Altantuya’s Dad denies being paid to keep mum


(Malaysian Digest) – The father of murdered Mongolian national Altantuya Shaariibuu has denied talk that he had been paid off by the Malaysian government in exchange for his silence, reported Malaysiakini.

Dr Setev Shaariibuu said that he was made aware of the accusations against him from a posting on video-sharing site YouTube.

“I deny this. I did not take even a single ringgit from the Malaysian government,” he said through an interpreter, at a press conference in Parliament House today.

The rumor began to circulate shortly after political consultant Abdul Razak Baginda was acquitted of all charges in connection with the murder.

The trial established that Altantuya had been shot dead and then blown up with explosives by two Malaysian Special Action Unit officers in 2006.

Setev Shaariibuu, who is in Malaysia for three days, said he had requested for a meeting with Prime Minister Datuk Seri Najib Abdul Razak before but the latter had allegedly avoided it.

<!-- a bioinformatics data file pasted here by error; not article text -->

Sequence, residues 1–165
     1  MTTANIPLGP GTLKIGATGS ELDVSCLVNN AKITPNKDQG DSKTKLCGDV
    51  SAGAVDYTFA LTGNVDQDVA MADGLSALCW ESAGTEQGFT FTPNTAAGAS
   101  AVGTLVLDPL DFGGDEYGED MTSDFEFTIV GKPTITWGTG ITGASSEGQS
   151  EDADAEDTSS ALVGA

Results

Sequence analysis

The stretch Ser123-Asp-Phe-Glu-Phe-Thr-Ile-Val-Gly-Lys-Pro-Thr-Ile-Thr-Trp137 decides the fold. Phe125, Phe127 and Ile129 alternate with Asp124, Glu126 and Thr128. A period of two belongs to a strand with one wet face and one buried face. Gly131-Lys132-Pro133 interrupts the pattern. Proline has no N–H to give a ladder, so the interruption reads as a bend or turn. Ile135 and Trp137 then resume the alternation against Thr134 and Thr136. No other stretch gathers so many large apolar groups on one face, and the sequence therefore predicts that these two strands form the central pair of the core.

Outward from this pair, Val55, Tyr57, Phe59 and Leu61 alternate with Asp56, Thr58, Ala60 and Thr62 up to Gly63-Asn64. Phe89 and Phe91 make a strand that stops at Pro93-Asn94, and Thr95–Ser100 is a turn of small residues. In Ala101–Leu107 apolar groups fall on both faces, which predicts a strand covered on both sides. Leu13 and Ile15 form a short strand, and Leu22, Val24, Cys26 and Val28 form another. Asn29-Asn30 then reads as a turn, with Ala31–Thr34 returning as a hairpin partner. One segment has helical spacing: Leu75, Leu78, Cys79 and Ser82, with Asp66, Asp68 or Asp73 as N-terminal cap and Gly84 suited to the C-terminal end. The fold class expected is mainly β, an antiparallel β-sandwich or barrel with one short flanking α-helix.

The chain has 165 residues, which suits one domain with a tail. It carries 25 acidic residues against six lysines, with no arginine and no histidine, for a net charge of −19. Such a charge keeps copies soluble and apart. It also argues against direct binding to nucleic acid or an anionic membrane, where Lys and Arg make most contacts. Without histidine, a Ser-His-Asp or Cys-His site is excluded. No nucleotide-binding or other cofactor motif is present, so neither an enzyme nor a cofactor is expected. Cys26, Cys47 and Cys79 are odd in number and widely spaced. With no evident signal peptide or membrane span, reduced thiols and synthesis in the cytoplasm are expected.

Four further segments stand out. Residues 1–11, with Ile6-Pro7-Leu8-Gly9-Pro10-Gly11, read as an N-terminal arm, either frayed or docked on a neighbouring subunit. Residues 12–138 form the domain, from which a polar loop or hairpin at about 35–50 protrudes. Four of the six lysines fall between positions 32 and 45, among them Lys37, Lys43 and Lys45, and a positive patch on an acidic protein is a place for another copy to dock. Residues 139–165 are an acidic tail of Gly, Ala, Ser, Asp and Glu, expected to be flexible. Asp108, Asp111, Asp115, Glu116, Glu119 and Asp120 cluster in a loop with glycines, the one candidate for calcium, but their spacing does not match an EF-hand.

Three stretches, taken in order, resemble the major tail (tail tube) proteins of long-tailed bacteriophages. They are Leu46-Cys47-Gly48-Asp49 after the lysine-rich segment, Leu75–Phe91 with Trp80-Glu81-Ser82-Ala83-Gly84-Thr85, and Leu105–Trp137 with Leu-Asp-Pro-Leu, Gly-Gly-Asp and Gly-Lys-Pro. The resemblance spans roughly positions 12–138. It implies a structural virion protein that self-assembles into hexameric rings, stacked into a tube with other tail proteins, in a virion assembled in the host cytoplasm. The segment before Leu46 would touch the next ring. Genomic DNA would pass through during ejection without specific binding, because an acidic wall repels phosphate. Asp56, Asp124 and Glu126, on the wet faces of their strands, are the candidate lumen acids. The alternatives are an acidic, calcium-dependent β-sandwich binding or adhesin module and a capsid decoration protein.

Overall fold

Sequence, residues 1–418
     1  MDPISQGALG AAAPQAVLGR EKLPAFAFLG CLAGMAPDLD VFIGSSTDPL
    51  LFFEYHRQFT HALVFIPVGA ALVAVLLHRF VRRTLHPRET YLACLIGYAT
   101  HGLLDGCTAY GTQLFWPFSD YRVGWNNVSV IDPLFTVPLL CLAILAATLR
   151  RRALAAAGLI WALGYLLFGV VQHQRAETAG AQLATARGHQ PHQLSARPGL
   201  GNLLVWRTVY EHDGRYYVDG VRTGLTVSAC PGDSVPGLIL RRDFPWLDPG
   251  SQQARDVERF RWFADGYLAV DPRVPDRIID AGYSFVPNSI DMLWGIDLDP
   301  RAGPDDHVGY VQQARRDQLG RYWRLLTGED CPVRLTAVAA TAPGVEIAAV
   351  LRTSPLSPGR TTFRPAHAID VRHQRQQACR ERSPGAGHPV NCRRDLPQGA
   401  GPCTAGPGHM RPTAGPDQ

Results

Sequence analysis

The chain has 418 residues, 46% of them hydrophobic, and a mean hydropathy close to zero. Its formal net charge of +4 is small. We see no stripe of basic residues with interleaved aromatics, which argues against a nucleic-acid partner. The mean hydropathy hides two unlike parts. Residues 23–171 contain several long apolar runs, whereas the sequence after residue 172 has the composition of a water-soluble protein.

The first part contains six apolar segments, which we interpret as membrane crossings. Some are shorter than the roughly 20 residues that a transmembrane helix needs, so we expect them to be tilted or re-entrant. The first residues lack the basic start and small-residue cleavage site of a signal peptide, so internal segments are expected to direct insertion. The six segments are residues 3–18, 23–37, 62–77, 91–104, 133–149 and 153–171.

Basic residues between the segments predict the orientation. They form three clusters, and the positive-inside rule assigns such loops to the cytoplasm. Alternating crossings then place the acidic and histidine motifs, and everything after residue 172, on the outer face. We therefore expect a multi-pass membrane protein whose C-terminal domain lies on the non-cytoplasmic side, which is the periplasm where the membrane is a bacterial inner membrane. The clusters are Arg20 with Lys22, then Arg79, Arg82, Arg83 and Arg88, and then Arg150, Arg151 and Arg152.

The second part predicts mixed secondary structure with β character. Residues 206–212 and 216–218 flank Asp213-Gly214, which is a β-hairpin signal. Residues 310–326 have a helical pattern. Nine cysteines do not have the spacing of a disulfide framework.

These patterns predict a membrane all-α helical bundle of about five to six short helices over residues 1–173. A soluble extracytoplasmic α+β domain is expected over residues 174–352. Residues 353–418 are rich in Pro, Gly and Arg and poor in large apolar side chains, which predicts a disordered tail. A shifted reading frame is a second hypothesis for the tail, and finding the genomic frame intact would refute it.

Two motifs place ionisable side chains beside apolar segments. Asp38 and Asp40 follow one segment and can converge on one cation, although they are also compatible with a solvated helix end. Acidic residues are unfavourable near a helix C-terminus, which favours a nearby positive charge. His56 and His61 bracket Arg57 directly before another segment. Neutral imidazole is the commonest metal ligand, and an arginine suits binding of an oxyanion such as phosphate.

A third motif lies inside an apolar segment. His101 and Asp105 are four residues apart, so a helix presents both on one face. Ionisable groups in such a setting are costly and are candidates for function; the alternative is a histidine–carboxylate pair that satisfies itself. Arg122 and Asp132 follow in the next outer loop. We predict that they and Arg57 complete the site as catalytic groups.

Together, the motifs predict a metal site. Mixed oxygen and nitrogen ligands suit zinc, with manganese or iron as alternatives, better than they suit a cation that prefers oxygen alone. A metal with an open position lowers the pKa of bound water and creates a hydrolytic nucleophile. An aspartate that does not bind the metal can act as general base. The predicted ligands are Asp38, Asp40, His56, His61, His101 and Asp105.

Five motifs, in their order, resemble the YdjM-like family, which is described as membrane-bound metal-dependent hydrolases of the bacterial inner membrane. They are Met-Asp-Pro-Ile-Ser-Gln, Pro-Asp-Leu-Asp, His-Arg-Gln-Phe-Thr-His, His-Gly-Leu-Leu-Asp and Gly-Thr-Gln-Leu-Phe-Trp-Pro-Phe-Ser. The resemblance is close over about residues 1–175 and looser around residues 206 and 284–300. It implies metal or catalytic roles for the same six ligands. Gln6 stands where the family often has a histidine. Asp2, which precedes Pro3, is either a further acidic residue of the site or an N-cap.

“The last time I wanted to meet him but he ran away.

“The people of Malaysia support me and I want to go further to ensure this case is sped up,” he said.

The bereaved father said he would not mind an opportunity to meet with Najib, but not in the latter’s capacity as prime minister.

“As a father, he can understand my grief of losing a child better,” he told reporters in Parliament today, speaking in Mongolian, which was translated by his late daughter’s childhood friend Tsoggerel Och.

“I want to say to him – I am not meeting you as the PM. I am meeting you as a father, as a man. Father to father, you can understand what I feel,” he said.

He lamented that the government has done nothing for the last six years to help end his search.

Although the Mongolian government has issued several diplomatic notes to Malaysia, “there have been no answers”.

“I don’t understand how there has been no response to official communiques between two sovereign nations,” he said.

“I want (the government and Malaysians) to solve this case as soon as possible. I want to take my girl home, to bury her in her own country.”

To fight his case he said that he may try to meet with Najib again.

“Najib ran away when I wanted to meet him last time. I want to meet him again, not as a minister but as a father and a man,” said Setev.

Setev had filed a civil suit for RM100 million against the Malaysian government in relation to his daughter’s death.  He lost the case and was ordered to pay costs, but is appealing the decision.